August 17, 2018
It was my fourth day in Canada and I was beginning to get familiar with my surroundings and the Airbnb that we were living in. The morning began on a strange note, with news coming in of an ailing Karunanidhi, declared as critical. I was tracking news on my mobile, but was dying to watch the news on TV. So, I decided to go to the TV room. As I entered the living room, I saw this gentleman engrossed in the news, reflecting a sadness that seemed personal. After some questioning, he opened up about his personal equation with the politician and how deeply saddened he is with the news. Karikalan S. Navaratnam, a retired lawyer, was a political activist since student days. He was held in detention twice. He has served as the Legal Secretary of the Tamil United Liberation Front (TULF ) and also as a member of the TUF Politburo. He fled Sri Lanka in the wake of the “Black July” anti-Tamil program in July 1983. It was during those troubled years of his life, that he met Karunanidhi and became an admirer for life.
He writes fondly about the man and his charm..Read on…
Going down the memory lane
It is almost one week now since Muthuvel Karunanidhi, former Chief Minister of Tamil Nadu, waved ‘adieu’ to all of us. He left us at the age of 94, after striding the Tamil political stage like a colossus for seven decades and after having lived a productive life.
I have been an admirer of Karunanidhi from my student days. As I got to know more and more about him, I marvelled at his multi-faceted personality – a litterateur, prolific writer, playwright, poet, powerful orator, editor of a Tamil daily (“Murasoli”) and, above all, a dominant political force in India.
Karunanidhi has been a member of the Tamil Nadu legislature for over sixty years, of which he served as the Chief Minister for 19 years. He was a veteran of the hustings who successfully contested the State Assembly Elections on 13 occasions and was never defeated at any election. After the demise of his mentors C.N. Annadurai (1969) and Periyar E.V. Ramasamy (1973), the DMK leader Karunanidhi emerged as the patriarch of the Dravidian movement.
I became enamoured of Karunanidhi’s writings, initially, by watching the films he had scripted. In chaste Tamil, he had introduced a fresh flavour and flourish in cinema dialogues and screenplay. Ever since his box office hits “Parasakthy” (1952)and “Manohara” (1954) were released, “Story & Dialogue by Karunanidhi” had become a brand name in Tamil film industry.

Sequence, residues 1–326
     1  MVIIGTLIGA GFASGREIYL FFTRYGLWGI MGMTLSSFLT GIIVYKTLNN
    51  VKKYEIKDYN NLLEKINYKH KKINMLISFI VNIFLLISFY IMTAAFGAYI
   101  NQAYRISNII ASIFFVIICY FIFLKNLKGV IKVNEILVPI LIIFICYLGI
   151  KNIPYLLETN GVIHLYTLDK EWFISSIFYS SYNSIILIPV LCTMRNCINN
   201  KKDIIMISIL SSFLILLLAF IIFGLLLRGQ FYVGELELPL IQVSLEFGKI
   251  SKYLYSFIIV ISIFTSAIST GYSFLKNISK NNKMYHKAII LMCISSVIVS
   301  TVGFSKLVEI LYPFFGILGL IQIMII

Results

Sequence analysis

I have read most of his writings – novels, plays, short stories, political commentaries etc. His creative talents and contribution to the arts, literature and cultural revival in Tamil Nadu have earned him the honorific title “Kalaignar”.
I met Kalaignar for the first time at his DMK party Office in Madras in the first week of August 1983. It was a poignant moment. We were grief-stricken and a mood of melancholy had descended on us. It was in the wake of – and within a week of – the 1983 “Black July” killings in Sri Lanka and I had just fled the horrors of the holocaust and arrived at Madras – Meenambakkam airport. From the airport, my friends in Madras had taken me directly to the DMK Office. Kalaignar spent lot of time listening to my harrowing tales, recounting details of the Black July savagery.
Feelings were running high in Tamil Nadu, expressing solidarity with the Tamil victims in Sri Lanka. It was MGR’s ADMK government in power at that time. Nonetheless, DMK chief Kalaignar was calling the shots on the Sri Lankan issue.
Demanding Indian government’s intervention on behalf of Sri Lankan Tamils, Kalaignar and DMK Secretary K. Anbazhagan had resigned their respective MLA seats in the Tamil Nadu Legislative Assembly. DMK M.P.s Vaiko and L.Ganeshan had begun a protest fast outside Lok Sabha in New Delhi. DMK got ready with a petition, with a million signatures, to be submitted to the UN, seeking international intervention on the Tamil issue.
In the same week, there was a public meeting held on the Tamil issue at Periyar Thidal in Vepery, Madras. There were various political party leaders present on the dais. Kalaignar was the main speaker. I was one of the speakers. I was privileged to share the platform with Kalaignar
Under compelling circumstances I had to seek shelter as a refugee in Tamil Nadu for the next couple of years. During this period, I had been writing a series of articles in popular local journals. I had often met with Kalaignar and kept him abreast of the developments in Sri Lanka. During such meetings he had favourably commented on my writings and I was elated that such an accomplished writer as Kalaignar had cared to read and comment on my writings.
Even after leaving India, I was in touch with Kalaignar by mail and by telephone. I had also called on him on such occasions as I had visited India, thereafter. I consider them fortuitous occasions.and it was my good fortune to have known him. I miss him so much.
Karikalan S. Navaratnam